The attack by Palestinian gunmen on Gaza's Karni crossing on Jan. 13, in which six Israelis died, and Israel's response seem wearingly familiar. But while a year ago it would have been possible to say it was simply part of the numbing cycle of violence, inviting inevitable retaliation, this time the violence has a different and more subtle meaning.
The attack, delivered less than a week after the election of 69- year-old Palestinian President Mahmoud Abbas as the successor to the late president Yasser Arafat, has already been disastrous for attempts to start a fresh dialogue between Israelis and Palestinians ahead of readoption of the road map to peace and Palestinian statehood.
If there had been some faint hope only seven days ago that more than four years of the intifada were slowly coming to an end, the Karni attack has signalled deep problems ahead.
Karni is an indication of how divided Palestinian society is. The attack was a brutal message to Abbas and all those who hope to bring the intifada to a conclusion by those Palestinians who most benefit from its continuation; a message from a younger generation that has thrown itself into the violent struggle for statehood that they will not be "sold out."
Abbas has shown in his public statements how difficult is the line he must walk: between maintaining Palestinian ambitions, including at least a symbolic refugee return, and reflecting the weariness of many Palestinians with the conflict and a desire to move, however slowly, towards some kind of a settlement.
Israelis used to say of Arafat that he would say one thing in English and another in Arabic. But Abbas's position is more difficult. No matter how much Israelis hated Arafat towards the end (and how much many Palestinians distrusted him) he remained a symbol of the Palestinian struggle. Abbas, despite his long involvement in the struggle, does not yet command the same loyalties or affection.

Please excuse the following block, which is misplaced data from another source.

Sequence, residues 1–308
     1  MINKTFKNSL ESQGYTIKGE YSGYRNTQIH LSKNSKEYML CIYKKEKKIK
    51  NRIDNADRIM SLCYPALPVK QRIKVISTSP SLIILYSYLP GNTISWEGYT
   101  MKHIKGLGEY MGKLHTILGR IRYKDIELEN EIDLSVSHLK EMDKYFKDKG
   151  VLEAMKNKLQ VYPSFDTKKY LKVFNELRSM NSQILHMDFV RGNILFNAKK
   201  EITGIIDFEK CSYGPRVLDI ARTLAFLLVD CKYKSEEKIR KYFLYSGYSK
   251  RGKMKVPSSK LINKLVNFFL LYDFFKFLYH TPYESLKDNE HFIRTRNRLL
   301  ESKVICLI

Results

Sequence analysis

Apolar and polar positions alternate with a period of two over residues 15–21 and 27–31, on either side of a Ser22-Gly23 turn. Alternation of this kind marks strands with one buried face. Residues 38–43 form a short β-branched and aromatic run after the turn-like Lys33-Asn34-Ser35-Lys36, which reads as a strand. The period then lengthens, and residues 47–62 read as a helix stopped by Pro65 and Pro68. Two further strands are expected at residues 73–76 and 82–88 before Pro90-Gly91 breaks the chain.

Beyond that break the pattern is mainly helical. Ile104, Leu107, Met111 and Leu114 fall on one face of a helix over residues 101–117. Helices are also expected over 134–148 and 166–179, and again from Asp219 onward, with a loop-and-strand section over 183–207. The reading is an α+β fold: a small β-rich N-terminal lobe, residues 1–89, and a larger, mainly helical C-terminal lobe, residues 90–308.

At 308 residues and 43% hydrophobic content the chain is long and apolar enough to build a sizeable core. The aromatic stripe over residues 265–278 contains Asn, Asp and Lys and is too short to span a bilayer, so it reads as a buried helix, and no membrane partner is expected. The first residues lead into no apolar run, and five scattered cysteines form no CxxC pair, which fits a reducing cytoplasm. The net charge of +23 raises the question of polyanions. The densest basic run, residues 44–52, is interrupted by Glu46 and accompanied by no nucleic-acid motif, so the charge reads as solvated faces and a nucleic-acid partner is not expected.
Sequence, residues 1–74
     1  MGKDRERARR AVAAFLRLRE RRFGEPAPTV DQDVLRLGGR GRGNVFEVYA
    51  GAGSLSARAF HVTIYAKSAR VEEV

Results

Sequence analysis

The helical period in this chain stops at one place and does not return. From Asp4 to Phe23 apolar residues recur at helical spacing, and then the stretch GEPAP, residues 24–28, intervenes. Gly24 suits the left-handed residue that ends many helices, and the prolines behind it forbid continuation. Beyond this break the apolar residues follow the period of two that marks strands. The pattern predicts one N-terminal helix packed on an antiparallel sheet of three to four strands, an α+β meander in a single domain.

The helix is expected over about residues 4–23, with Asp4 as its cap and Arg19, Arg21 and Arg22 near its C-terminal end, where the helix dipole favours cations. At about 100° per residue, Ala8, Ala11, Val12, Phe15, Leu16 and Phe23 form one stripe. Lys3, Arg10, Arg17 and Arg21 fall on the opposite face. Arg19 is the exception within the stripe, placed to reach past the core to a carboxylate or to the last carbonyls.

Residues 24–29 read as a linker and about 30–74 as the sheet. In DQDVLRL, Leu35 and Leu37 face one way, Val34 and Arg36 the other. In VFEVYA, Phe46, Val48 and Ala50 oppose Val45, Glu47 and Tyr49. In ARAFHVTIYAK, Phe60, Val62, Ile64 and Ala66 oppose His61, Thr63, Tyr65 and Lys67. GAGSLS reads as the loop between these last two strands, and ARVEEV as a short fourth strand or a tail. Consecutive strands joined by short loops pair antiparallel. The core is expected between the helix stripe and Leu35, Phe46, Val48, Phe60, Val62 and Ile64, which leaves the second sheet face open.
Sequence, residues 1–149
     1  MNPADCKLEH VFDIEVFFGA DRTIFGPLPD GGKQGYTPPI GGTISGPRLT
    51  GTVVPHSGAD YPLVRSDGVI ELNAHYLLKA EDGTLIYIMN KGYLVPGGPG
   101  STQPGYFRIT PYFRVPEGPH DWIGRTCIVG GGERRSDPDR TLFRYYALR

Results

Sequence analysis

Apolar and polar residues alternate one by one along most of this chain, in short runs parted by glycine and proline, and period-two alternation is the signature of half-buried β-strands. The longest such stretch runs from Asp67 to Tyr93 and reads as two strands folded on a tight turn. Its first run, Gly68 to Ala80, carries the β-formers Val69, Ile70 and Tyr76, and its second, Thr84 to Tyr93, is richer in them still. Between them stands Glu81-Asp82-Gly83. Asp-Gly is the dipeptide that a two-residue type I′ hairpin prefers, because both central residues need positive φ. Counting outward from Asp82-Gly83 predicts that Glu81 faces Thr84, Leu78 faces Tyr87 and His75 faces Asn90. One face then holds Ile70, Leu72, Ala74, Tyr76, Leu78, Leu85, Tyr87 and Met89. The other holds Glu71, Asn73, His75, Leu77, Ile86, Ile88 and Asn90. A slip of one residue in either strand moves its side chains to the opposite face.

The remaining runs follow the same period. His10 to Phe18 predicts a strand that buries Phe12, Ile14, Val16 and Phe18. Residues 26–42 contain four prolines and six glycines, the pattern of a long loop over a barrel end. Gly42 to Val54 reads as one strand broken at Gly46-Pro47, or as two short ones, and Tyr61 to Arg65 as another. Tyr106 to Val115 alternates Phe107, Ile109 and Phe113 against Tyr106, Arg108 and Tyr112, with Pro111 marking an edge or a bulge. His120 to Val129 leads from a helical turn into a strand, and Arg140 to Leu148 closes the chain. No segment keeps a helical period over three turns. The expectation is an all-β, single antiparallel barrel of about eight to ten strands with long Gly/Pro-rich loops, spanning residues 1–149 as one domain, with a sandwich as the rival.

The risk is that he cannot control the struggles in Palestinian life that have long threatened to break out into something more menacing: between the secular and the religious; between pragmatism and the glorification of a pointless violence; between its vast and youthful population who have grown up in the West Bank and Gaza, and an ageing leadership. It is these divisions that will be in Abbas's mind as he travels to Gaza for ceasefire talks with the factions to defuse the first crisis of his presidency.
Which leaves one of the most serious questions unanswered. Confronted with attacks such as that at the Karni crossing, does he have the ability to challenge those who would rather continue with the armed struggle -- Hamas included -- and reduce the level of violence against Israelis sufficiently for Israel to act?
It is a moot point. Israel has made it clear that, if the road map is to proceed, Abbas must move against militants when they launch attacks; Abbas's response to this latest attack will determine whether he is regarded as a serious partner. In the aftermath of Karni, Israeli Prime Minister Ariel Sharon has ordered a cessation of all contacts initiated with Palestinian leaders since Arafat's death.
The message to Abbas is clear. Unless he can deliver a hudna -- a unilaterally declared ceasefire by all the factions -- the troubling logic is of inter-factional violence within Palestinian society itself, an internalization of violence unlikely to trouble Israel.